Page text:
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Volume III
August 19, 2011

Weekly Home / Cook'n & Eat'n

10 Recycling Tips We Can All Practice

By Alice Osborne

Are you wondering what more you can do to help Mother Earth and the GO Green effort? Me too. And in an issue of one of our favorite magazines, Mother Earth News, I found some sensible ideas for basic recycling.

This is a subject near and dear to my heart, because as many of you know, I am rabidly against clutter. So giving things other uses rather than just tossing them out, warms my heart. This trend now has its own name - REPURPOSING. And repurposing is one of the easiest ways to take better care of our planet. Consider these ten recycling (repurposing) tips from Mother Earth News:

1. Cut up Christmas and other greeting cards and any notes mailed to you, and keep the clear, smooth pieces in a holder in the kitchen to be used for shopping lists, notes to the milkman, etc.

2. Wash and save glass containers from mayonnaise and other products for food storage and keeping fruit juice in the refrigerator. Tall mayonnaise jars will protect sugar, salt, flour and cereals better than their original paper or cardboard containers, and squatty jars are perfect for storing little leftovers in the refrigerator. These are so much better than storing food in plastic!

3. Use the plastic tops of coffee cans as coasters under glasses and also to keep furniture feet from digging into your rug.

4. Coffee cans with holes punched in their bottoms–and-perhaps decorated with aluminum foil–make adequate temporary flower pots.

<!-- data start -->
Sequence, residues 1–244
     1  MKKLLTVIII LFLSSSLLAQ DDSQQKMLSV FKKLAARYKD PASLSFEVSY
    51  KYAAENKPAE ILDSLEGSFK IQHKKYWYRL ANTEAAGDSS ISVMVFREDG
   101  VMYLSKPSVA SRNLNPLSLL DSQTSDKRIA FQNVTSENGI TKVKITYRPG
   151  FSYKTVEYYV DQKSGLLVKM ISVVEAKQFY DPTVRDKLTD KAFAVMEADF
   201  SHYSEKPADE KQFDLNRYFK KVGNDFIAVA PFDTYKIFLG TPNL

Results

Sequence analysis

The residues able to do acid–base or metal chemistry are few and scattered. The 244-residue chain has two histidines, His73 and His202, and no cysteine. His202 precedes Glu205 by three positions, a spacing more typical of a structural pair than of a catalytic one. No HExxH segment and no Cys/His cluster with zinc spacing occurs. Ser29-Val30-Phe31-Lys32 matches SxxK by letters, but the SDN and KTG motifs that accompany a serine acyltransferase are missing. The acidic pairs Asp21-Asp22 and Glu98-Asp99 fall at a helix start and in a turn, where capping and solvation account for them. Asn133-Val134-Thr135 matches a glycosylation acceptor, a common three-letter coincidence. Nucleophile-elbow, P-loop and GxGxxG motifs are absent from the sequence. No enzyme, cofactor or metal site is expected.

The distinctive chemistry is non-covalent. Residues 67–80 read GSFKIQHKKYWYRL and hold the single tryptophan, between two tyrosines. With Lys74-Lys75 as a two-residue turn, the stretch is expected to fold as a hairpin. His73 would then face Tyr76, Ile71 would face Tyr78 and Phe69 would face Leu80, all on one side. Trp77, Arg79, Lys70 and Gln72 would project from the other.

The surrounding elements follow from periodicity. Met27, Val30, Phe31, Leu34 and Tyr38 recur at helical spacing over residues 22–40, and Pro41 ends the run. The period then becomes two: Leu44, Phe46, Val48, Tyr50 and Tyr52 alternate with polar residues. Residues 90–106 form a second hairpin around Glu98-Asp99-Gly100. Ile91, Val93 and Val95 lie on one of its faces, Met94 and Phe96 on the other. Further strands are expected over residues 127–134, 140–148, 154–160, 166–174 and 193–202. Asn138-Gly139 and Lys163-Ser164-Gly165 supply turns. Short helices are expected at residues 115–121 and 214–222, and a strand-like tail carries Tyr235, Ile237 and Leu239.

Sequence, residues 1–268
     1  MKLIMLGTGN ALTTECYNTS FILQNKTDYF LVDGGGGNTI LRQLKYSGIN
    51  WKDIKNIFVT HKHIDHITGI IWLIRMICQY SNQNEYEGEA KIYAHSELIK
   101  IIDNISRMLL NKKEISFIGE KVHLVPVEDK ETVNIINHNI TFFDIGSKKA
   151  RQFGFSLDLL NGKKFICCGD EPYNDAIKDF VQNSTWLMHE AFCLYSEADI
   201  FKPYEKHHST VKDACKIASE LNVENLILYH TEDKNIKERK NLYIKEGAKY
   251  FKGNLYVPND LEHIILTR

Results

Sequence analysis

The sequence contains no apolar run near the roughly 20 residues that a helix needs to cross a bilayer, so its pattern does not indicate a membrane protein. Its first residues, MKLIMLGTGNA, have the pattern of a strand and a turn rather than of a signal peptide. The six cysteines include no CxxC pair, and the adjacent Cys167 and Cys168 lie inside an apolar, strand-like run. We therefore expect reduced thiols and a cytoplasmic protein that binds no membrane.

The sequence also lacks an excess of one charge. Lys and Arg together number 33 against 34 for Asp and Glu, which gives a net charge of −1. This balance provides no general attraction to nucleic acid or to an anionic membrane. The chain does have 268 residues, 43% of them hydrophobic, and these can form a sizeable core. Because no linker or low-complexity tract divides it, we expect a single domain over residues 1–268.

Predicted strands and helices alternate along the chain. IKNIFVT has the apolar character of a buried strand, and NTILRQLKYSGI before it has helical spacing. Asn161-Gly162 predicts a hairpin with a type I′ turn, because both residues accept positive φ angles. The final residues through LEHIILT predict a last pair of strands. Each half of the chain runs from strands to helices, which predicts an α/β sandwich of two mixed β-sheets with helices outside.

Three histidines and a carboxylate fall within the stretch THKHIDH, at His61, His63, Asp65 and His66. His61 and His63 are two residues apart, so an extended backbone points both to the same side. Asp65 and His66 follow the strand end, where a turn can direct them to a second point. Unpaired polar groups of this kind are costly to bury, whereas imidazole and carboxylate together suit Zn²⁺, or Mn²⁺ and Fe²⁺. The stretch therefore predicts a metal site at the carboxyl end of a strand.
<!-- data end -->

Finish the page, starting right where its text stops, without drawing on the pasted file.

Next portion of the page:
5. Save BIG bucks: Use the seeds of foods you have eaten–apples, oranges, grapefruit, green pepper and avocado–to grow new house plants.

6. Save all reusable wrapping paper and string. Heavy wrapping paper makes an excellent, dust-proof backing for framed pictures. You can even crochet a summer handbag from the vari-colored twine from the bakery and drug store.

7. Bed sheets, which usually wear out in the middle, can be cut down the center and the two outside edges, which get very little wear, can then be sewn together to make a new center. It takes a little time and work to hem the new outer edges (which were formerly in the middle), but it saves the price of a new sheet. Pillow slips can be made from the good sections of the worn sheet and finally, of course, they go into the rag bag.

8. Bath towels, which also wear most in the middle, can be cut in half to make hand towels. The good pieces are later made into face cloths and dish rags and, finally, they too can be used for cleaning and shoe polishing.

9. Pliofilm covers and plastic bags have many uses. Those fromd the dry cleaner serve as continued protection for clothes and for storing blankets and sweaters. They also make good dust-covers for the ironing board, small suitcases and other items. We use them also in our linen closet and on book shelves. Spread the bottom end of the bag smoothly on the clean shelf, the bottom edge against the back wall, or sticking up an inch or so if you prefer.

While most of the bag hangs down, stack your linens or books on the covered shelf, then bring the rest of the clear covering up in front of the stack, over the top, and tuck it down gently in back. The contents of the shelf are completely visible, yet protected from dust. It is a simple matter to lift off the top of the pliofilm when you want to remove a sheet or a book, and the covering can be kept clean with upward sweeps of a damp cloth or sponge.

10. Smaller pliofilm bags are good for covering fans, kitchen appliances, handbags, shoes or gloves. When we travel, almost every item in the suitcase is kept clean, safe from accidental spills and wrinkle-free in its individual plastic bag.

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